Sunday, December 4, 2011

Aimless Reading: The P's, Part 37.1 (Edgar Allan Poe)

Essays and Reviews
Poe, Edgar Allan
Essays and Reviews

Purchased at the Niagara Falls Outlet Mall Discount Book Store.

This book has one, thin, orange post-it index note that wraps around page 11 and onto page 12, suggesting I marked it. It seems to be marking off two paragraphs in which Poe is discussing poetry. Instead of writing anything myself, I'll just leave you this morning with these.

from Letter to B–

What is poetry?–Poetry! that Proteus-like idea, with as many appellations as the nine-titled Corcyra! Give me, I demanded of a scholar some time ago, give me a definition of poetry? "Tres-volontiers,"–and he proceeded to his library, brought me a Dr. Johnson, and overwhelmed me with a definition. Shade of the immortal Shakespeare! I imagined to myself the scowl of your spiritual eye upon the profanity of that scurrilous Ursa Major. Think of poetry, dear B–, think of poetry, and then think of–Dr. Samuel Johnson! Think of all that is airy and fairy-like, and then of all that is hideous and unwieldy; think of his huge bulk, the Elephant! and then–and then think of the Tempest–Midsummer Night's Dream–Prospero–Oberon–and Titania!


A poem, in my opinion, is opposed to a work of science by having, for its immediate object, pleasure, not truth; to romance, by having for its object an indefinite instead of a definite pleasure, being a poem only so far as the object is attained; romance presenting perceptible images with definite, poetry with indefinite sensations, to which end music is an essential, since the comprehension of sweet sound is our most indefinite conception. Music, when combined with a pleasurable idea, is poetry; music without the idea is simply music; the idea without music is prose from its very definitiveness.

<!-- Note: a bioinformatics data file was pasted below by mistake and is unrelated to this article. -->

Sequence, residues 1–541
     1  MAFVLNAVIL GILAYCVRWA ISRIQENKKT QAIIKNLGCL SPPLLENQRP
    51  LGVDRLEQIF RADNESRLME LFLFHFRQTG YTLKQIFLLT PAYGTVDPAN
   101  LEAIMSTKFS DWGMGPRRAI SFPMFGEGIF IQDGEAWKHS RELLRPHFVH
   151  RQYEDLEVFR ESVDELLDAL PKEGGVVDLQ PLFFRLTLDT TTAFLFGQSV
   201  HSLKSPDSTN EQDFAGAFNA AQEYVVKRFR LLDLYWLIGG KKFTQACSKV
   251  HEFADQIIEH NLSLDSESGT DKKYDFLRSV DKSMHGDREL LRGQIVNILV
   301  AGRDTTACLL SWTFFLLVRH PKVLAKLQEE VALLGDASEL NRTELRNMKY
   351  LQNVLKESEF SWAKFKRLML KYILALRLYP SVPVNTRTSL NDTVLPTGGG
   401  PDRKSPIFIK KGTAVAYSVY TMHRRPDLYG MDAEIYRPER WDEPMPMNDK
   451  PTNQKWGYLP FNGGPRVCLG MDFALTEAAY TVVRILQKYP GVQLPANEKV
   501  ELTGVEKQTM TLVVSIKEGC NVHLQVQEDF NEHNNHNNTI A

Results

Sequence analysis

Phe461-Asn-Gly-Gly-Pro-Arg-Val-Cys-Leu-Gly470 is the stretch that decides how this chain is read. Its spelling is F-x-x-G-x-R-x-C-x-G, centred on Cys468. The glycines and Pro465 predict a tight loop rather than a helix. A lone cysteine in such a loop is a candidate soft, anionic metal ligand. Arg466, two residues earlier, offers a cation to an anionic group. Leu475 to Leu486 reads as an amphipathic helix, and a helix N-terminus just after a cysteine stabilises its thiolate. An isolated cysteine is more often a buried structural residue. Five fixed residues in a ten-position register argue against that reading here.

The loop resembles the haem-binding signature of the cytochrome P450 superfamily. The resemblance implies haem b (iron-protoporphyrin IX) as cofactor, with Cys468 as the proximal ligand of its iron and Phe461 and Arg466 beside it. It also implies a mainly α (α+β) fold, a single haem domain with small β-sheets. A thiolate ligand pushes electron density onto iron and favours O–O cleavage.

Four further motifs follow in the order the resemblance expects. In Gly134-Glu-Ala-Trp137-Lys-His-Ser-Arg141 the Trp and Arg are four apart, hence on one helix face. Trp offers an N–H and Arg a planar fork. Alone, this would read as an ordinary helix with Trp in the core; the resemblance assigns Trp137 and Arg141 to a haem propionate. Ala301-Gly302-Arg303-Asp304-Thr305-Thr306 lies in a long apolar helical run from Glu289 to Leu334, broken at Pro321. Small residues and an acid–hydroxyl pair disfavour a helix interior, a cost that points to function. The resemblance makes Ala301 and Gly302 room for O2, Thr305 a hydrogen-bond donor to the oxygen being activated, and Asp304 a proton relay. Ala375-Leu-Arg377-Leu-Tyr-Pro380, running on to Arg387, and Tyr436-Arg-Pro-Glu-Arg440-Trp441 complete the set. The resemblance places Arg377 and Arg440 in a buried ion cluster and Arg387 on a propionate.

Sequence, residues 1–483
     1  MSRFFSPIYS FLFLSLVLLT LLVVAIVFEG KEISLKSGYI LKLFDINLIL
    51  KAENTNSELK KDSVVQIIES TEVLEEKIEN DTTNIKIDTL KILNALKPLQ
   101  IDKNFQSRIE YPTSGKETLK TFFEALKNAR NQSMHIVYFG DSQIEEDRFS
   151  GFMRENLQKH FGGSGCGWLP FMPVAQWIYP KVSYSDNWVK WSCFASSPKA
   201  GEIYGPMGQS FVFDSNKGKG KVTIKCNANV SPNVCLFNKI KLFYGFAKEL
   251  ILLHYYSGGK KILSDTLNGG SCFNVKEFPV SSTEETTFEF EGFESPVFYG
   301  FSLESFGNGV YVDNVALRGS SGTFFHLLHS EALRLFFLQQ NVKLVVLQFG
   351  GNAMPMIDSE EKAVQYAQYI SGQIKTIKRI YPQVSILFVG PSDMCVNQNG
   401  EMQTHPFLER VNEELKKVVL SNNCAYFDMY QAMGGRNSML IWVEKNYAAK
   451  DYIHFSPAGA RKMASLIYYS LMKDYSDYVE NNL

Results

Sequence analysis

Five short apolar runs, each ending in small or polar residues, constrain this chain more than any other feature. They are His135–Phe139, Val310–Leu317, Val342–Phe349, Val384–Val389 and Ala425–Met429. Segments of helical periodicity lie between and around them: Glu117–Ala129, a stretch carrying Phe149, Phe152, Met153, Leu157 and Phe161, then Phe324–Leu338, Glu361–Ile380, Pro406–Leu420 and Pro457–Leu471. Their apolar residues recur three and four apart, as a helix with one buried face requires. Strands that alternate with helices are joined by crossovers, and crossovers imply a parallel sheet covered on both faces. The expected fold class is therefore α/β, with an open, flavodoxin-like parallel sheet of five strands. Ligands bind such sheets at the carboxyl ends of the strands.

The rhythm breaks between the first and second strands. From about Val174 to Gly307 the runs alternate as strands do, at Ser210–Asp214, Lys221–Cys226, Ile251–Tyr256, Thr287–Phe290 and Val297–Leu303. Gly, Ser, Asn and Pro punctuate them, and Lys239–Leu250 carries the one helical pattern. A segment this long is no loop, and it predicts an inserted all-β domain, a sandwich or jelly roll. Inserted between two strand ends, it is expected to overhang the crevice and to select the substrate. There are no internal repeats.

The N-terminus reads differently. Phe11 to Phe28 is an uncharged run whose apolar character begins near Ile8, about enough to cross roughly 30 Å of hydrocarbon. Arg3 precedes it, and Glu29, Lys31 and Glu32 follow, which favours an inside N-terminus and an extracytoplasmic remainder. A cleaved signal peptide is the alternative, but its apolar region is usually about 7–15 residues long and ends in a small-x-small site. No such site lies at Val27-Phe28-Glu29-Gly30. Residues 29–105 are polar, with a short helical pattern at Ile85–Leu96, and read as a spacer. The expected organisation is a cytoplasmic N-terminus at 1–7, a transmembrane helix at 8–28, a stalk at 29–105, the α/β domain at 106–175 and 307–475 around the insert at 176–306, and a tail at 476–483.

What was meant by the invective against him who had no music in his soul?


To sum up this long rigmarole, I have, dear B–, what you no doubt perceive, for the metaphysical poets, as poets, the most sovereign contempt. That they have followers proves nothing–

          No Indian prince has to his palace
          More followers than a thief to the gallows.

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